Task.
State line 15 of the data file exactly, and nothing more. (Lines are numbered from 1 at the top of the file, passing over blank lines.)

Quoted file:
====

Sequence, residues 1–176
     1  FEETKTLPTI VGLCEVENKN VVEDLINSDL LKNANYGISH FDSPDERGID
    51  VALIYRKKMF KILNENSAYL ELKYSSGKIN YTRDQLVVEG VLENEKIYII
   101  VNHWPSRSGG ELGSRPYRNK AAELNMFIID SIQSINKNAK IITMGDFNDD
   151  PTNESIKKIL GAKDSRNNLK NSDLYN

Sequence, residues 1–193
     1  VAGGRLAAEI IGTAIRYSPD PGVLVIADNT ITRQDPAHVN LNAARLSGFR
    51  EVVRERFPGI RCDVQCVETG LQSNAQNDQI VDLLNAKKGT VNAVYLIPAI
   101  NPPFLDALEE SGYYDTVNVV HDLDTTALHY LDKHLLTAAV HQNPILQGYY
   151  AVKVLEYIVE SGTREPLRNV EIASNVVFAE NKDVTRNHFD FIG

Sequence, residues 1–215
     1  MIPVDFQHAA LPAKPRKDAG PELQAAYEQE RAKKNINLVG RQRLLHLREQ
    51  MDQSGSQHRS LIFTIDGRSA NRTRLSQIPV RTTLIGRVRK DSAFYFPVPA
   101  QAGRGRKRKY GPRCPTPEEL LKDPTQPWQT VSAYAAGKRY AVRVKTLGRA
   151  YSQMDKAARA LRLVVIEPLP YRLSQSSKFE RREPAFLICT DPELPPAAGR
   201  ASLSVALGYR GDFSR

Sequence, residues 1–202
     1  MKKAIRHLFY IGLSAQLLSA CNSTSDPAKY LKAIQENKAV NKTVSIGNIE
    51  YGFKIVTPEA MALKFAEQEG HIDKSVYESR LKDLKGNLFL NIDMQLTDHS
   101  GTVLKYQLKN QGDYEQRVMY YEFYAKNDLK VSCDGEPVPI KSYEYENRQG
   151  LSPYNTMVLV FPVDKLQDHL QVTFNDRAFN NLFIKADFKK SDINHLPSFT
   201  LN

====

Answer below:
   151  YSQMDKAARA LRLVVIEPLP YRLSQSSKFE RREPAFLICT DPELPPAAGR